Hip Dysplasia

Canine hip dysplasia is a disease involving abnormal formation of the hip joints. Progressive and crippling arthritis may result. CHD is thought to be of polygenetic inheritance with environmental influence. Some things that can affect the expression of hip dysplasia are nutrition, physical activity and flooring surfaces.

Some dogs will show signs of hip dysplasia at a very young age. Others can be dysplastic and not show outward signs until middle or old age. Symptoms include less energy and movement; difficulty rising; lameness in the back legs; reluctance to use stairs (particularly to go up); reluctance to jump or stand on hind limbs; swaggering gait, bunny-hopping gait; soreness after lying down; soreness after heavy exercise.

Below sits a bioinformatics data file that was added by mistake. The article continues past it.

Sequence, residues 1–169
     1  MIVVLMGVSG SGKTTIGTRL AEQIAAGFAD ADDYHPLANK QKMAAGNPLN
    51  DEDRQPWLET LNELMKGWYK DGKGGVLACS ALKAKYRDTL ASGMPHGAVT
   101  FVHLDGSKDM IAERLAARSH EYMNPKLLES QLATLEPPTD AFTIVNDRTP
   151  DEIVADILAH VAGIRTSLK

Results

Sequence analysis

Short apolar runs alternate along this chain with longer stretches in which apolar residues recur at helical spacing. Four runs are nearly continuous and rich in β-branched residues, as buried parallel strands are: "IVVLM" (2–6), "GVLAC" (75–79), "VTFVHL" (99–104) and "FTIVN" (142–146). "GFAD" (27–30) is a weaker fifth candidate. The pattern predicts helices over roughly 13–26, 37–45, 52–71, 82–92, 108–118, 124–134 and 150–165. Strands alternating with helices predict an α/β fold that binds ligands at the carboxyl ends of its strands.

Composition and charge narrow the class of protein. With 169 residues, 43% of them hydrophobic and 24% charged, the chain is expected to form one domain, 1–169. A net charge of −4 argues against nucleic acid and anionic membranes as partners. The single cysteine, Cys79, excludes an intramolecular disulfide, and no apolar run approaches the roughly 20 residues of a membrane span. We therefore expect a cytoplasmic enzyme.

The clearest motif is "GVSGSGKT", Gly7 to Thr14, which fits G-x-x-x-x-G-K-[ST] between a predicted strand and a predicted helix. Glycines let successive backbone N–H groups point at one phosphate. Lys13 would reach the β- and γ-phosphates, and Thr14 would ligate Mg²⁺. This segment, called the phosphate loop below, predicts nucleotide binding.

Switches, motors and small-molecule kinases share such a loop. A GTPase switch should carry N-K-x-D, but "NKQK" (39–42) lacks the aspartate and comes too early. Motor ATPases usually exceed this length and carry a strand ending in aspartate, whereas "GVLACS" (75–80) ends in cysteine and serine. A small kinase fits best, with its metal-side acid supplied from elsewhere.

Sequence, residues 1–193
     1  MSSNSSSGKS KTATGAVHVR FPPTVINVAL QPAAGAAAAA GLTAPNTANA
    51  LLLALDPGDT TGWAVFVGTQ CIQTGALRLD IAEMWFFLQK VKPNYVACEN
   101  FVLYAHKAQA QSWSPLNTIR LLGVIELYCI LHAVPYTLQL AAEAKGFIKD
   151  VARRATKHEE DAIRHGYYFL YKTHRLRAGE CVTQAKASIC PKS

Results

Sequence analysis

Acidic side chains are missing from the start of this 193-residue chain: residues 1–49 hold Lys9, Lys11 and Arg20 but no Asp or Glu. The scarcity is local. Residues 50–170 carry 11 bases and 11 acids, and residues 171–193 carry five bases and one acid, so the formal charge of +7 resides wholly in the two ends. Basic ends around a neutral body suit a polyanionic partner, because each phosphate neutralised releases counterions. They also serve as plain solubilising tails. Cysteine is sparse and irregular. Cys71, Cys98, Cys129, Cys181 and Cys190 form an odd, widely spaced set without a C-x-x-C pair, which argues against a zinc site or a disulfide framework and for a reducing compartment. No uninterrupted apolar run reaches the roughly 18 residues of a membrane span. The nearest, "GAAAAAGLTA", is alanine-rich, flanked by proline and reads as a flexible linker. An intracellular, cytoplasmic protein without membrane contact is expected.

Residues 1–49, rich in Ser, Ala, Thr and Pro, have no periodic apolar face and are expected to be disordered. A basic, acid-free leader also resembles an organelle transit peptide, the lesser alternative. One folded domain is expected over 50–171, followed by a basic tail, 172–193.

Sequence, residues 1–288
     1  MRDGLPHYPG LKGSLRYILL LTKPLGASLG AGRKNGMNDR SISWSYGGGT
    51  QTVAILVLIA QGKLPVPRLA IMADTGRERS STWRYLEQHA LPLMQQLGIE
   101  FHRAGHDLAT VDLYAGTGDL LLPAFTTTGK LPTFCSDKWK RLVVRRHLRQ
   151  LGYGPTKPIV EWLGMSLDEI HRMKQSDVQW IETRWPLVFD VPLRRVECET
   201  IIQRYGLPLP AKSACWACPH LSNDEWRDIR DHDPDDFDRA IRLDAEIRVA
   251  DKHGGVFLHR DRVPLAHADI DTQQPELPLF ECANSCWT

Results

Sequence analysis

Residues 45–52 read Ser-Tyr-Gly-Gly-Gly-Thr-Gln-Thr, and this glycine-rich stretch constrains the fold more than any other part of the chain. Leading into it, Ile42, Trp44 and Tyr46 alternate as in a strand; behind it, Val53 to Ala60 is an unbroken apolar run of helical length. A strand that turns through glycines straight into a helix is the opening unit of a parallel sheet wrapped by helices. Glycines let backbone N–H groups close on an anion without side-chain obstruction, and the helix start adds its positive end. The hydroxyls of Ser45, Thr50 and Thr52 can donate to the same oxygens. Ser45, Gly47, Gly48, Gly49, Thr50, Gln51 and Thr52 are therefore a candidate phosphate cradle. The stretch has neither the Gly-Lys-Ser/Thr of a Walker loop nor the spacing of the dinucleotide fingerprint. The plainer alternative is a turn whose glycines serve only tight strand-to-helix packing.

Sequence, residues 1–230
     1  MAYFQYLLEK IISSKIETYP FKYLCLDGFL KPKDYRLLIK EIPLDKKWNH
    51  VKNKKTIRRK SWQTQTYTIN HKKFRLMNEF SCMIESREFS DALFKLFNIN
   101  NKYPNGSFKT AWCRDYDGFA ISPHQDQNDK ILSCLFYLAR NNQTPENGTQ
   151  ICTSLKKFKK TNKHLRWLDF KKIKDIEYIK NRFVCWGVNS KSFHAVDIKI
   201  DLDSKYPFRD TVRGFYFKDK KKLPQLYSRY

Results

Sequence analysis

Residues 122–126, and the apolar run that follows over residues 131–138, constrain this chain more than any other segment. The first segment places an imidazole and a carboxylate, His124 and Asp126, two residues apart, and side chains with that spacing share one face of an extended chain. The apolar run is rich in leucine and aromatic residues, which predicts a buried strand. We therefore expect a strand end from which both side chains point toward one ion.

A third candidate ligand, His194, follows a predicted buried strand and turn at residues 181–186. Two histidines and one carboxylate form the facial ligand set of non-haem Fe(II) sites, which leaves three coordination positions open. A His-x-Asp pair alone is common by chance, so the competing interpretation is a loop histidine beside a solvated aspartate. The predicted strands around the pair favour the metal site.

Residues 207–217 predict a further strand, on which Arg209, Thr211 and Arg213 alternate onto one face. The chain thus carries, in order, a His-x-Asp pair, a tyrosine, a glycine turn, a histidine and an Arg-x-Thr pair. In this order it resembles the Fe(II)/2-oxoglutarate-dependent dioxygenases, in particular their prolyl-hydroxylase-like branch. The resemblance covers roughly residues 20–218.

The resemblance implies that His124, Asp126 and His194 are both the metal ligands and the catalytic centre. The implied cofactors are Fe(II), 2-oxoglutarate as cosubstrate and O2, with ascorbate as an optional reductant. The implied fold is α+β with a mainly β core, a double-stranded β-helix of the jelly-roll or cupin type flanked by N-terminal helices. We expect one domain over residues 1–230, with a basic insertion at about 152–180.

Diagnosis is based on a physical examination and x-rays. Depending on the severity of the dog's condition, veterinarians treat hip dysplasia with either drugs or surgery. Drug therapy doesn't reverse or cure the progression of hip dysplasia, but it does offer relief from the associated pain. weight loss programs, controlled exercise, and physical therapy can also be very effective in certain cases.

Responsible breeders have their dogs xrayed with results evaluated by OFA prior to breeding.

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